Singer/songwriter Renee Searles didn’t find her way onto the stage until she was 40.
‘It was always a fantasy hidden deep down inside of me,’ she laughed, commenting that what got her going was something quite different.
‘It was doing the comedy and getting up on stage that opened my eyes. I got to see that even though it was uncomfortable I am at home on stage. All those performing opportunities as a comedian helped me see I was a performer, and that I want to sing.’
Renee the comic performer is quirky and physical. What is she like on stage as a singer?
‘It’s a very different persona. I love the cutesy old-time avenue. It’s a way of showing though the romantic side of me.’
Renee believes that performing is something that most of us are mystified by but the lessons are clear.
‘I discovered that when it comes to performing it’s not about being in the right mood, or having enough training, or I learnt piano as a child; none of these things matter at all. It’s about actually taking what you do have and using it, and more comes. You do your apprenticeship on stage. You learn to be a singer by being a singer. I wish someone would tell us that.’
Audiences love watching new performers evolve.
‘Actually we deprive each other by not having a go, because people actually enjoy being part of the process of watching someone evolve and take a risk.’
Songwriting for Renee is about humanness.
‘I write songs about being a human being with frailties and shortcomings and the power is in admitting them. You know we are all heroes in our own lives – we are all striving to do our best. What comes back to me is that I like to see my life and other peoples’ ordinary lives in a mythical grand way. Thats why I like hearing songwriters I like because I get to hear my struggles and tenderness singers presented in a beautiful way.’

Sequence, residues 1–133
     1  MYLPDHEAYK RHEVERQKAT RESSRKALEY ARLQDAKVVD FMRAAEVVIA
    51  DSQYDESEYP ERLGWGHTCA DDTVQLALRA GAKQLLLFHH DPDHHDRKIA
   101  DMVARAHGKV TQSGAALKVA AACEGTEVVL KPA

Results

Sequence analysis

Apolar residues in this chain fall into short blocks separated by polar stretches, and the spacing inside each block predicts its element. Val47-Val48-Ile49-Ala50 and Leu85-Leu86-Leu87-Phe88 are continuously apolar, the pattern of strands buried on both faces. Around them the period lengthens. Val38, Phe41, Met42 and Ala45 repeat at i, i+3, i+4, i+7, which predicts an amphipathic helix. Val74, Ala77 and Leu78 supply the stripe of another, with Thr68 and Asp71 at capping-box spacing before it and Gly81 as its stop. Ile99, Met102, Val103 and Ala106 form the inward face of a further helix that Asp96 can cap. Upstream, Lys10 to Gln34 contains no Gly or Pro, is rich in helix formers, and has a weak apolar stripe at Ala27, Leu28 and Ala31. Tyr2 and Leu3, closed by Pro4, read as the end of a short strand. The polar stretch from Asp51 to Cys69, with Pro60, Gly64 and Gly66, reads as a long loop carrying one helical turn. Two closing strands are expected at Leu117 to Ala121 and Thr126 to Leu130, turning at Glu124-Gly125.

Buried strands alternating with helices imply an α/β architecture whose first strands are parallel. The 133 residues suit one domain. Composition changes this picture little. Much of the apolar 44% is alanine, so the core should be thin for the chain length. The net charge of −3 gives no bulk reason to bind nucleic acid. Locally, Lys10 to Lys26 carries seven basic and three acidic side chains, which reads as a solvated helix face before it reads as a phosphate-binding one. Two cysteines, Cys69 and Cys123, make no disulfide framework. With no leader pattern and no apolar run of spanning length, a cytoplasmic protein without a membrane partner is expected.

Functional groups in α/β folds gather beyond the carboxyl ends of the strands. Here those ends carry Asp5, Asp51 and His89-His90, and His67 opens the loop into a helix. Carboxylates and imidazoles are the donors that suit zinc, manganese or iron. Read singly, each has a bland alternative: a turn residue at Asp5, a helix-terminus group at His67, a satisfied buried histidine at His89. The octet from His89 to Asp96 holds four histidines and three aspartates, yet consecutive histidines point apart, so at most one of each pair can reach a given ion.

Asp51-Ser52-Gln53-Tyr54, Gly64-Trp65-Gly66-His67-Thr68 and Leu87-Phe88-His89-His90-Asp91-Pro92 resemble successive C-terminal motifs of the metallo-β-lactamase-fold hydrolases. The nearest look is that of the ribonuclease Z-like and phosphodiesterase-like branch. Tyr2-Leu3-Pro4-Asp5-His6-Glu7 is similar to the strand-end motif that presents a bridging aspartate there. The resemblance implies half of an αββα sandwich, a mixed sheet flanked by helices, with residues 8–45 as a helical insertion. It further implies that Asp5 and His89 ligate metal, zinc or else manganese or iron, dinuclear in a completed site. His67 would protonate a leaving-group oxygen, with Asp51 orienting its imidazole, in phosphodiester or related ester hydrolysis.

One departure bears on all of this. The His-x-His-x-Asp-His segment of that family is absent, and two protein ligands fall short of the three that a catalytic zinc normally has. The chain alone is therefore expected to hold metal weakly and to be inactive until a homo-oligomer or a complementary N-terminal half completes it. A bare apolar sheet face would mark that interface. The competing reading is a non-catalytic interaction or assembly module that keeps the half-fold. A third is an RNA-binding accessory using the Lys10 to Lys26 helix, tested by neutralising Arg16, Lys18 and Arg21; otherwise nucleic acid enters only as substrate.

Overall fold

For Renee Searle’s show at the Mullum Bowlo this Saturday she is backed by a very impressive line-up. Ambika on piano, Oles Krolikowski and Marcus Patterson on guitars, bass, lap steel and ukuleles and Pete Wilkins on drums.
‘This is a big sound, beautiful guitar, and lap steel, and again I feel really blessed that they want to do it,’ she says. ‘It’s lovely being held and supported – it’s a beautiful feeling and more than that it makes the music sound amazing. It’s incredible seeing the music come to life when the song was just a little thing plucked away on a uke on a futon on the floor, and suddenly it comes to life and takes on a path of its own and that’s a wondrous thing… it’s like magic… actually it is magic.’
Ukulele songstress Renee Searles is feature act at this month’s ‘Live at the Bowlo’, Saturday in Mullumbimby. Tickets from Mullum bookshop and at the door. 7.30.
For bookings and info call 0419 237 932.